: It is possible that much can be learned from examining the effect of workforce factors in nursing homes, given the almost intransigent low quality seen in many of these facilities. Although past research in this area as examined the effect of turnover and staffing levels on quality, there have been very few studies that have examined the impact of multiple workforce factors or that have looked at whether different characteristics of the workforce interact to produce either good or bad quality. Thus, prior underspecified models may have served to limit somewhat our understanding of which workforce factors influence most (least) quality of care. In addition, only weak evidence exists that staff ratios influence quality of care, again probably due to the underspecified nature of most investigations. ? ? In this research, we propose to examine the influence that multiple staffing characteristics, specifically ? turnover, staffing levels, worker stability, and agency staff, has on quality of care in a large sample of nursing homes. We believe that nursing home residents have increasingly more complex care needs, and facilities are using increasingly complex technology. Care is also dependent not only on how much is done, but upon what is done, how well it is done, when it is done, and by whom. Thus, simply adding more staff may be a necessary but not sufficient means of improving quality. Examining care processes more adequately is important, and may lead to broader policy debate over staffing issues rather than staffing levels in nursing homes. ? ? In preliminary analyses, we have identified staffing levels, turnover, stability, and use of agency staff as significant influences on quality. In this project, we propose to extend this prior research, by using a larger sample, more refined measures of quality, and better specified staffing characteristic variables. We will merge data collected from a unique survey on turnover from 2,946 nursing homes with data from: the Minimum Data Set (MDS), the On-line Survey Certification and Recording (OSCAR) system, and the Area Research File (ARF). Staffing characteristics will come from the primary data, resident characteristics and quality indicators will come from the MDS, facility characteristics will come from the OSCAR, and market characteristics will come from the ARF. We will examine the associations between staffing levels, turnover, stability, and use of agency staff and quality, not only for licensed practical nurses (LPNs), and registered nurses (RNs), but also for nurse aides (NAs). ? ? ?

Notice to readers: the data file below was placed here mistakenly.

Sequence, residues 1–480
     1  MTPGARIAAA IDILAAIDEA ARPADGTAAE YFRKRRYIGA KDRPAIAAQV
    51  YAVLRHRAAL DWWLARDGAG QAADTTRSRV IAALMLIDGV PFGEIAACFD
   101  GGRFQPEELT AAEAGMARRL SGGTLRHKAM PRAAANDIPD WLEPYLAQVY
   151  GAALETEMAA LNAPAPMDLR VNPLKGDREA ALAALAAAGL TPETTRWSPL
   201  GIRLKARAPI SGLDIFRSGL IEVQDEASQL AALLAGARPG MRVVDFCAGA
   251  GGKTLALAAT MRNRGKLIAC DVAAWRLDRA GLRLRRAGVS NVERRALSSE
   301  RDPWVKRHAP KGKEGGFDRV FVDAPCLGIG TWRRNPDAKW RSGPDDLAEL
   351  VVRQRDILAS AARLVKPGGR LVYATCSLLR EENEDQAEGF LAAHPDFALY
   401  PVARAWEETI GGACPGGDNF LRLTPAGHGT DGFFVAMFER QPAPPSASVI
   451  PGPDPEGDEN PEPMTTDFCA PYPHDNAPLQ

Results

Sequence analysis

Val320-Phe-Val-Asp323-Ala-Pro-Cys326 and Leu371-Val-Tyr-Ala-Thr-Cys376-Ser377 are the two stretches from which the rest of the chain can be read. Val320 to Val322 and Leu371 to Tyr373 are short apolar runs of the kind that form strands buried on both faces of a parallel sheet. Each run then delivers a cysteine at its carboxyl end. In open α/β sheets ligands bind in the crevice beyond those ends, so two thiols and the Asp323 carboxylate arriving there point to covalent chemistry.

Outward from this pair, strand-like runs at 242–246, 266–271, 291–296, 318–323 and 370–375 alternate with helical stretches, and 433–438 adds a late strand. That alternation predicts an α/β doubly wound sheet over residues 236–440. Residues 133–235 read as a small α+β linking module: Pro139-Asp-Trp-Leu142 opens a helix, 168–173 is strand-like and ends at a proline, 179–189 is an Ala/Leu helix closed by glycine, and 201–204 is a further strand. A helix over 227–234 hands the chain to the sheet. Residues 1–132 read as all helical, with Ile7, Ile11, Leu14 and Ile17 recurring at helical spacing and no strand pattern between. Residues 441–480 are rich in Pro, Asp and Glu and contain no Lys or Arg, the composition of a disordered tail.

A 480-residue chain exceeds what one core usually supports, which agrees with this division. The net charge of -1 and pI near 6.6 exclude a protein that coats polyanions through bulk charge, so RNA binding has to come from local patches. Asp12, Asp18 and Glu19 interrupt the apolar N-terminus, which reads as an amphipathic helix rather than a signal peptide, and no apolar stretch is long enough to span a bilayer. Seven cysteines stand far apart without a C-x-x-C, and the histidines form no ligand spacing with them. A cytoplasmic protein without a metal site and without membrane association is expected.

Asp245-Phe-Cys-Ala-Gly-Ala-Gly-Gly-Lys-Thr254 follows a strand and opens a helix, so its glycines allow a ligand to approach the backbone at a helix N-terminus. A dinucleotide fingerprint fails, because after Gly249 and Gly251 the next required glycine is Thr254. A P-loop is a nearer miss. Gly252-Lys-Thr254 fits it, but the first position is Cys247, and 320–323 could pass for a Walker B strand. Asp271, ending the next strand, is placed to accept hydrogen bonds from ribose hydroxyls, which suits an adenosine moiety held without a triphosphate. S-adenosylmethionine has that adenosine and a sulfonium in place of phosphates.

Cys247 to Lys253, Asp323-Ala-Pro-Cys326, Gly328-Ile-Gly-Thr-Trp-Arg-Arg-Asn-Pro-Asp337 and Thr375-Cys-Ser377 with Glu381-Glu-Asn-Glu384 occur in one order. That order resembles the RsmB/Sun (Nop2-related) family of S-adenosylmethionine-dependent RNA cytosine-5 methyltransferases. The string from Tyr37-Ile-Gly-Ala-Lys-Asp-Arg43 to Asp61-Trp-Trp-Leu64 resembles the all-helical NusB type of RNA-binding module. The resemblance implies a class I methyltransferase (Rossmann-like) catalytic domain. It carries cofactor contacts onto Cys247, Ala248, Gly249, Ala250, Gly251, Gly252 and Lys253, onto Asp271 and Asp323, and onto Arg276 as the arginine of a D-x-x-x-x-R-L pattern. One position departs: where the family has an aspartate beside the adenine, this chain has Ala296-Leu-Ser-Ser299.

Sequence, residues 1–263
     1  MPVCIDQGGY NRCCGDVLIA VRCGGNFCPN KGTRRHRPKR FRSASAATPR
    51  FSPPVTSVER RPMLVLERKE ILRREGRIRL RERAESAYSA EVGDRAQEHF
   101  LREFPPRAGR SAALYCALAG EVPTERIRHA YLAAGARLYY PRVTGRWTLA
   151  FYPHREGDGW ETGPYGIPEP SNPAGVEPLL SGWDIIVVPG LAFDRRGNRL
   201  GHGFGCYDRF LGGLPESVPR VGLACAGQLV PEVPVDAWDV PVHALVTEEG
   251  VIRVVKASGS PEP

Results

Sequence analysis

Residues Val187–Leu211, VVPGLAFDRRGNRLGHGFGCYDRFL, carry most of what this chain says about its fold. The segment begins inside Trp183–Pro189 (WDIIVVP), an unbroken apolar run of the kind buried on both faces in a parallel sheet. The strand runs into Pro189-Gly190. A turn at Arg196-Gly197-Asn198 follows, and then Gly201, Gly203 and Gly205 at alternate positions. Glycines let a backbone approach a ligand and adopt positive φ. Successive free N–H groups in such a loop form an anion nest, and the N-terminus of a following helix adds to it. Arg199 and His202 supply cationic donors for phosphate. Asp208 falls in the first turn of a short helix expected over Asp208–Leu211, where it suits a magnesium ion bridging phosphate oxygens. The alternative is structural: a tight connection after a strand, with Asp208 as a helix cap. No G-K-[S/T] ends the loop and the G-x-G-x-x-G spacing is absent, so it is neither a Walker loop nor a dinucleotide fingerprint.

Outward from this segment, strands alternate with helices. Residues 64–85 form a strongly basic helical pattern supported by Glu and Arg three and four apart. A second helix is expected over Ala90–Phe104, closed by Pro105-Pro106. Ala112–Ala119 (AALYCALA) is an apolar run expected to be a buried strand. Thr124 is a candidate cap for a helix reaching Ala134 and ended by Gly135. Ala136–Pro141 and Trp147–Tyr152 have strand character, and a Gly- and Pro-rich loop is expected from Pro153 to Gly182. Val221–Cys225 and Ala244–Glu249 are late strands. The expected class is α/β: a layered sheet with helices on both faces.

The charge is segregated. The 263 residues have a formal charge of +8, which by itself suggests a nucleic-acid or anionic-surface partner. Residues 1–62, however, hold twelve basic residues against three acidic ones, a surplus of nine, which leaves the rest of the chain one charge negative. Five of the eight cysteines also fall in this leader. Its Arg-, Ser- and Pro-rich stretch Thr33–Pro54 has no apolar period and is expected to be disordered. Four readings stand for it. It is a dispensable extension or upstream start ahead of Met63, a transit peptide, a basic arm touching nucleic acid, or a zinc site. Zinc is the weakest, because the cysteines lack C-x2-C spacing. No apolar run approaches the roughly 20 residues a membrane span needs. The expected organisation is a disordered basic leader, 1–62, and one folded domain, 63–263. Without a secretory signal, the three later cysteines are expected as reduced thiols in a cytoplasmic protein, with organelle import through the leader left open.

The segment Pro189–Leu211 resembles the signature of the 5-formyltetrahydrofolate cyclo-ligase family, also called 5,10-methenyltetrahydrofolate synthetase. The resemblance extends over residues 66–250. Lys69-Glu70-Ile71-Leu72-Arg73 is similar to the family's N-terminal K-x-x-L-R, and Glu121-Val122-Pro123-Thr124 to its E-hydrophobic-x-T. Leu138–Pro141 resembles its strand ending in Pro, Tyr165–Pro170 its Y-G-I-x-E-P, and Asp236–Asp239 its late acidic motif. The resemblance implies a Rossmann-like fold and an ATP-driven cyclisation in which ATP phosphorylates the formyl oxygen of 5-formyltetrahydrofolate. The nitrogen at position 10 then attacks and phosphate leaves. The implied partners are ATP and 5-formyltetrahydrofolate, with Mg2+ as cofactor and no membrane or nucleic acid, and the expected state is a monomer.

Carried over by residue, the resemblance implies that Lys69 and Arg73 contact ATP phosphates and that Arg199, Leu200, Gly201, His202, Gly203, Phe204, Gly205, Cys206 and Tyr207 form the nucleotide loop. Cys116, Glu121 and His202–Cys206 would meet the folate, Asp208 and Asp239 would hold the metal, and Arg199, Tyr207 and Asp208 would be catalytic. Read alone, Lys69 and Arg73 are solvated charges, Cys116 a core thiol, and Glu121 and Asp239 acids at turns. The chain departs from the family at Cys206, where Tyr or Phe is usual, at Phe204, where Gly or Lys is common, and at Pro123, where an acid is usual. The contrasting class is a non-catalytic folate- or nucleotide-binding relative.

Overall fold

National Institute of Health (NIH)
Agency for Healthcare Research and Quality (AHRQ)
Research Project (R01)
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Health Systems Research (HSR)
Program Officer
Hagan, Michael
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University of Pittsburgh
Public Health & Prev Medicine
Schools of Public Health
United States
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Castle, Nicholas G; Ferguson, Jamie C (2010) What is nursing home quality and how is it measured? Gerontologist 50:426-42
Castle, Nicholas G (2009) Use of agency staff in nursing homes. Res Gerontol Nurs 2:192-201
Castle, Nicholas G; Hanlon, Joseph T; Handler, Steven M (2009) Results of a longitudinal analysis of national data to examine relationships between organizational and market characteristics and changes in antipsychotic prescribing in US nursing homes from 1996 through 2006. Am J Geriatr Pharmacother 7:143-50
Castle, Nicholas G; Engberg, John (2008) Further examination of the influence of caregiver staffing levels on nursing home quality. Gerontologist 48:464-76